[Met Performance] CID:6320
Euryanthe {2} Metropolitan Opera House: 12/28/1887.


Metropolitan Opera House
December 28, 1887

Carl Maria von Weber--Helmina von Chézy

Euryanthe...............Lilli Lehmann
Adolar..................Max Alvary
Eglantine...............Marianne Brandt
Lysiart.................Emil Fischer
Ludwig..................Johannes Elmblad
Bertha..................Minnie Dilthey
Rudolph.................not performed
Dance...................Theodora De Gillert

Conductor...............Anton Seidl

Unsigned review in The New York Times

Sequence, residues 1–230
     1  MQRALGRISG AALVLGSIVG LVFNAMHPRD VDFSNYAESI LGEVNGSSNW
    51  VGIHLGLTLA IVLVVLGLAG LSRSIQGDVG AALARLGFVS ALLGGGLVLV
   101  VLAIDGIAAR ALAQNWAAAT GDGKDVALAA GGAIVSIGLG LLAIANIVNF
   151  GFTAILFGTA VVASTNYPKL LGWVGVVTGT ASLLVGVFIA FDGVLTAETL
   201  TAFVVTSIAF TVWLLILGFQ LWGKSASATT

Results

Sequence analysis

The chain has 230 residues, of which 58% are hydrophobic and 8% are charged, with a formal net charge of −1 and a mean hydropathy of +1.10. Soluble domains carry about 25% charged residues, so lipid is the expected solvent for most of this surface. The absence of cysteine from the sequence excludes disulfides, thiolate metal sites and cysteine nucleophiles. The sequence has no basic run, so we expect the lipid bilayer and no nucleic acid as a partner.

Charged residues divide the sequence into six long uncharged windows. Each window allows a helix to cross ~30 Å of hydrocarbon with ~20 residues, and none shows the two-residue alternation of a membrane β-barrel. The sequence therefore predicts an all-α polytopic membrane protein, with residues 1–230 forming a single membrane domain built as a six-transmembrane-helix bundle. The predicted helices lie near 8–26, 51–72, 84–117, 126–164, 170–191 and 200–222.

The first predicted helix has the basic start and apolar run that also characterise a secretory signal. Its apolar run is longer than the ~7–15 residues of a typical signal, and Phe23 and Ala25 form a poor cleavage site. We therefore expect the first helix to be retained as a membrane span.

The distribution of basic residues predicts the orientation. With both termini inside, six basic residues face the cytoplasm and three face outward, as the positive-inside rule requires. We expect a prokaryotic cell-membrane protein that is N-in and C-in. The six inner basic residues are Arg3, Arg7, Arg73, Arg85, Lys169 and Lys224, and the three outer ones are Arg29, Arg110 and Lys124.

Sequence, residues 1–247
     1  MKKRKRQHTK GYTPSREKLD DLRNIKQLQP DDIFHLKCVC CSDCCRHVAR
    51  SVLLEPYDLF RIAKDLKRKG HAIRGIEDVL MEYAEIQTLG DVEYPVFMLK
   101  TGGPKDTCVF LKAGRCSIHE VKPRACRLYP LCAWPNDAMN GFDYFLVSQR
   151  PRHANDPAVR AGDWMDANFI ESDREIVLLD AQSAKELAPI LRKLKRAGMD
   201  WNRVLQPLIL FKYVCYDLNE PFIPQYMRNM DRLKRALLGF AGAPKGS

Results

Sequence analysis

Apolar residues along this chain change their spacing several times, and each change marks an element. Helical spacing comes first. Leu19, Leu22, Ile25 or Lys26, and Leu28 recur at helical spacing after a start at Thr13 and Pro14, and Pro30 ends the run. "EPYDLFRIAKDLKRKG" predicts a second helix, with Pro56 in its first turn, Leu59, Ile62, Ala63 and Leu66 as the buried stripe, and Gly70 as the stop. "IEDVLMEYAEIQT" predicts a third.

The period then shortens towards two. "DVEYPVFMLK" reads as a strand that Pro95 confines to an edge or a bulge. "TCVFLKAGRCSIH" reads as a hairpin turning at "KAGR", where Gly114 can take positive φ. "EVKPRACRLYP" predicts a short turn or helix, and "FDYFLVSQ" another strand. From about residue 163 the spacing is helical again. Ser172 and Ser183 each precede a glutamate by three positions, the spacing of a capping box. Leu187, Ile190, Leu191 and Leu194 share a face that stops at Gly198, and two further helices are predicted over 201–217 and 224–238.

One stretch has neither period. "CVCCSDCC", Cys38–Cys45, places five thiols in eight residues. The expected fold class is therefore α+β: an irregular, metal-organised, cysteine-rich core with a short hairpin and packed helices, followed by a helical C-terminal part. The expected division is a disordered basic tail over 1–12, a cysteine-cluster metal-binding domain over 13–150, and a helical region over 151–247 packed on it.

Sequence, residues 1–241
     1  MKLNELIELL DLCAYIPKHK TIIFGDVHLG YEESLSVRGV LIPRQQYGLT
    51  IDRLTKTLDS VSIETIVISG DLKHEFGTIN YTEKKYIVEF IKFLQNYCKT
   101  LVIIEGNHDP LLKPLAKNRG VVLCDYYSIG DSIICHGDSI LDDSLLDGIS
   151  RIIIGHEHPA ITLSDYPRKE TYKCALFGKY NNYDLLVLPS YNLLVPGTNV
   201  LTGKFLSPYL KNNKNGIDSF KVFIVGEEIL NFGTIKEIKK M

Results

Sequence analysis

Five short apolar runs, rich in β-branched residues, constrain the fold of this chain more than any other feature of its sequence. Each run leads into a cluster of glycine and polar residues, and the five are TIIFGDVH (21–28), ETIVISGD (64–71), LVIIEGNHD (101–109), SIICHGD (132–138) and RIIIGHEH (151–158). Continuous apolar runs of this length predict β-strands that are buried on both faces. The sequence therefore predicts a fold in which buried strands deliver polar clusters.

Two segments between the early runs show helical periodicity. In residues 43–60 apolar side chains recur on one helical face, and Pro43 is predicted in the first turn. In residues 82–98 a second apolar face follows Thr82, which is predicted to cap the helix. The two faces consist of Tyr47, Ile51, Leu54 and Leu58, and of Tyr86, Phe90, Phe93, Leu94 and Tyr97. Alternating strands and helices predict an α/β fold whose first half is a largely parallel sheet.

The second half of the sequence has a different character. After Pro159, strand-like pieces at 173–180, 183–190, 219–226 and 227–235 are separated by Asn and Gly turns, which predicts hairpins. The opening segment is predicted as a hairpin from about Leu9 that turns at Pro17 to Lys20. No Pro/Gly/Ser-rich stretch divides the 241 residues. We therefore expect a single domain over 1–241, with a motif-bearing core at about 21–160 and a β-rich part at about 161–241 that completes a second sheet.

The second performance of "Euryanthe" at the Metropolitan Opera House last evening was attended by an audience of goodly numbers. There can now be no question that Weber's noble music and Fran Von Chezy's picturesque but somewhat irrational personages will be brought forward frequently in the course of the season. The opera was received last night with abundant evidence of public approval. Not only do the more devoted lovers of music in the orchestra and upper circles show that they are pleased, but the occupants of the boxes are not backward in applauding the more striking passages of the work. It is unnecessary to review the merits of the opera, which were noted after its first performance; but it is easily perceived that they impress themselves more firmly on the mind with repetition. A work that can live with a man and grow upon him, that does not reveal a lack of depth through close intimacy, is one which possesses the elements of a masterpiece. It is a good thing that Weber is to be known better than he has been in this country. Musicians have always looked to him as a master, and as the forerunner of Wagner he has an especial interest at this time, when serious students of music are given to seeking for the lines along which the tone art is to make vital progress. The revelation of a masterwork is a worthy enterprise, and for this the management of the Metropolitan Opera House deserves hearty commendation. It is said that "Euryanthe" was presented in this city many years ago, but there does not seem to be any authentic record of the production. If there was such a performance it is forgotten now, and does not detract from the credit due the present revival. There is one thing which detracts from the general enjoyment of the opera at the Metropolitan. That is the continual warfare between the orchestra and the boxes on the subject of conversation. Like most questions in this world, this has two elites. The stockholders built and maintain the opera house and they have undeniably the right to derive as much pleasure as possible from the fruits of their enterprise. Through their social position they are enabled by their countenance at performances to make German opera fashionable, and this is not a matter to be lightly considered. That they make the opera house a social resort is by no means so heinous a proceeding as some persons seem to deem it, and a social resort cannot thrive under a reign of unbroken dumbness. But on the other hand it is unlikely that the stockholders would undertake the expense of maintaining the opera for their own edification solely without the substantial aid of that part of the audience which does not occupy boxes. They cannot, then, expect an assembly of persons, three-fourths of whom are drawn to the opera house by the pure love of music, to pay a large sum of money nightly for the privilege of listening to the conversation of the stockholders' families and friends. This seems to be fairly an opportunity for the exercise of mutual forbearance. The people in the orchestra stalls should not cry "Hush" on the slightest provocation, and the stockholders will not have opera where they cannot talk at all. On the other hand, the general public will not tolerate constant interruption of its pleasure by immoderately pitched conversation. No one objects to talk which is not too loud, if the occupants of the boxes will bear that in mind, neither they nor their valuable friends is the other parts of the house will be annoyed. To refer to last night's representation, it is only necessary to say that Fräulein Lehmann, Fräulein Brandt, Herr Alvary, Herr Fischer, and Herr Elmblad repeated their former good work and that a warm and inspiriting performance was the result.

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